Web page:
It seems from experimentation that the collection expression is evaluated only once. Consider this example:

static NSArray *a;

- (NSArray *)fcn
    if (a == nil)
        a = [NSArray arrayWithObjects:@"one", @"two", @"three", nil];
    return a;


for (NSString *s in [self fcn])
    NSLog(@"%@", s);

The output is:

2010-10-07 07:37:31.419 WidePhotoViewer Lite[23694:207] called
2010-10-07 07:37:31.420 WidePhotoViewer Lite[23694:207] one
2010-10-07 07:37:31.425 WidePhotoViewer Lite[23694:207] two
2010-10-07 07:37:31.425 WidePhotoViewer Lite[23694:207] three

indicating that [self fcn] is called only once.

Can anyone confirm that this is the specified (as opposed to merely observed) behavior?

What I have in mind is doing something like this:

for (UIView *v in [innerView subviews]) {

instead of this:

NSArray *vs = [innerView subviews];
for (UIView *v in vs) {


  • Thanks to those, esp. Shmurk, who tried to answer... this indeed shed some light on the matter. (Checking an implementation to clarify a specification is hazardous. Anyway, I had already done that in preparing the question.) Oct 8, 2010 at 2:15

4 Answers 4


This kind of for loop is called a "fast enumeration" (look at the NSFastEnumeration object). Apple's documentation says that in "for obj in expression", expression yields an object that conforms to the NSFastEnumeration protocol, so I guess that's the correct behaviour: the function is called once, an iterator is created once and used in the loop.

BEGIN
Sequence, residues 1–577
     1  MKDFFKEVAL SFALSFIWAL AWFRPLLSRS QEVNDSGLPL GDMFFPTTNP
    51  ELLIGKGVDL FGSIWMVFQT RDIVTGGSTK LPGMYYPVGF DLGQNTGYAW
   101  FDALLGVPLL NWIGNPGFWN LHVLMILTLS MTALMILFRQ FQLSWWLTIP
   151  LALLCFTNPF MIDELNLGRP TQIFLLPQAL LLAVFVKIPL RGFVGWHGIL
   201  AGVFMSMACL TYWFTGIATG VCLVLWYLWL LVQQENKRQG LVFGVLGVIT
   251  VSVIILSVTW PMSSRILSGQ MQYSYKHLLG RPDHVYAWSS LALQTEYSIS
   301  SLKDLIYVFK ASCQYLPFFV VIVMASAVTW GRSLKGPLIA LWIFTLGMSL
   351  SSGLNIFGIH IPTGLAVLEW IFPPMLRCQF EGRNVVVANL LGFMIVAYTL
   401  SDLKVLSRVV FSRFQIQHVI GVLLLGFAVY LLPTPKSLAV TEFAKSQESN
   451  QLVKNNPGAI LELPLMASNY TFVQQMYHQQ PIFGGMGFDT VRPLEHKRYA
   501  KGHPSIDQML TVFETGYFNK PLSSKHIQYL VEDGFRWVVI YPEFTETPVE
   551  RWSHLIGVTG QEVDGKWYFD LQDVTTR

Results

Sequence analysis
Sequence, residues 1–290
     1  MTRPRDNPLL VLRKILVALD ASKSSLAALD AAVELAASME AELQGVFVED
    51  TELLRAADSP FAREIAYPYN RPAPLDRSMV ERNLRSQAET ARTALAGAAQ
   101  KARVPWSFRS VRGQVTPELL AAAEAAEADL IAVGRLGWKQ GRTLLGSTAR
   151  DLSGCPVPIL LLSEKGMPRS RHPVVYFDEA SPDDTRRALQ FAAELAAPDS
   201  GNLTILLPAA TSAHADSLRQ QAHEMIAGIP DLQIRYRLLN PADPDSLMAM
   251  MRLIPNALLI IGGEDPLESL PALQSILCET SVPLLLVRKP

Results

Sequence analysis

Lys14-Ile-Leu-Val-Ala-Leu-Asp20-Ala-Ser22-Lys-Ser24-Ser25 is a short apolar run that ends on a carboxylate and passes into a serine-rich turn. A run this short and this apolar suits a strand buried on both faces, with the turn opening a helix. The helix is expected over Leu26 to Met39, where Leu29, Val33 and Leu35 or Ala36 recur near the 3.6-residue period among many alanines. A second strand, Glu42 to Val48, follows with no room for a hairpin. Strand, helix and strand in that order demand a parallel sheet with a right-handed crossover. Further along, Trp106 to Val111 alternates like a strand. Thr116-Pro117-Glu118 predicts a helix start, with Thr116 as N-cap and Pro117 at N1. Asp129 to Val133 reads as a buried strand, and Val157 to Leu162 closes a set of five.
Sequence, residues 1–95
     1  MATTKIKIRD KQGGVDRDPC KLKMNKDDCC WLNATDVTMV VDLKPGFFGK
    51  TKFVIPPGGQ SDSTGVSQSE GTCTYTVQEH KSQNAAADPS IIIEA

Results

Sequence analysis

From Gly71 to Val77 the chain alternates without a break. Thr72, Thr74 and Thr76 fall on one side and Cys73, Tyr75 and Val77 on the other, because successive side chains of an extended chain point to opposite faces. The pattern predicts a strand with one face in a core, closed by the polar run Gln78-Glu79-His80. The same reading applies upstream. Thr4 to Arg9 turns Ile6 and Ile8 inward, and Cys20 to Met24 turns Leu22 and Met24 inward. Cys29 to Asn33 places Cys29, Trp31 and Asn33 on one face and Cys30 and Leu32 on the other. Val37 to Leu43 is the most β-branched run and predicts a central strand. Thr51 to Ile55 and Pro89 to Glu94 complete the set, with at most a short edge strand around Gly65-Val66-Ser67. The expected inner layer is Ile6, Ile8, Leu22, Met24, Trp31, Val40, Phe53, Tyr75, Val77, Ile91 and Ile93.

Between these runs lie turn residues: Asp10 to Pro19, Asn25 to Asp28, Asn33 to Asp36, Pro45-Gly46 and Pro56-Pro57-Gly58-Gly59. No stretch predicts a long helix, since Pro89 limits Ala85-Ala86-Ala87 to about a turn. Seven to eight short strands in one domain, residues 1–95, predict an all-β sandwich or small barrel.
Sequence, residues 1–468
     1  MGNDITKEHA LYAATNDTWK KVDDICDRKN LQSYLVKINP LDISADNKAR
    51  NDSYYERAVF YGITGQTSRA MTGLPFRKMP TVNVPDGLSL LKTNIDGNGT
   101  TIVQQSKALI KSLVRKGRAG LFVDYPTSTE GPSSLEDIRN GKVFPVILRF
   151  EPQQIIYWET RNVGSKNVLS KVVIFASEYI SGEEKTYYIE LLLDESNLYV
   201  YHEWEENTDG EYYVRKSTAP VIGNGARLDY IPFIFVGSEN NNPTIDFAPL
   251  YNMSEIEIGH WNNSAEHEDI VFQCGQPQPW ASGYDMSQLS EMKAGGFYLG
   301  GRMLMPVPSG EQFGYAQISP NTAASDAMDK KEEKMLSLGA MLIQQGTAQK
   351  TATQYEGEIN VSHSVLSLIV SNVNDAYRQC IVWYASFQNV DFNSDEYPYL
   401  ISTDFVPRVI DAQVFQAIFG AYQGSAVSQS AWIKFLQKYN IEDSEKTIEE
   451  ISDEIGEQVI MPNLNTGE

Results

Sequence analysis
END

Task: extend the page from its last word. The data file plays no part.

In practice, collection is only evaluated once, you can check the source of clang, for example. When the documentation doesn't say things precise enough, you need to trust the implementation.

Yes I think Apple should clarify documentation. Please file a bug, Marc!

One pedantic way to get this is to read the margin of the official documentation, which can be found here. It's stated that

the enumerator has a mutation guard so that if you attempt to modify the collection during enumeration, an exception is raised. Since mutation of the object during iteration is forbidden, you can perform multiple enumerations concurrently.

so, the collection over which you iterate can't change anyway. It doesn't say whether it evaluates collection in

for(id obj in collection) { ... } 

once or twice, the resulting object can't change.


Common sense dictates it to be that way. But since it is not directly stated in the Fast Enumeration Documentation, why don't you have a look at the protocol itself:


This protocol is not providing methods like nextObject, or objectAtIndex, or something like that, but instead requests a C array of objects, over which is then iterated.

Although there are strong indications, no document guarantees you that the expression is only evaluated once.


This is part of the behavior of fast enumeration. For some in-depth knowledge of the implementation of fast enumeration check out this blog post on NSBlog: Implementing Fast Enumeration.

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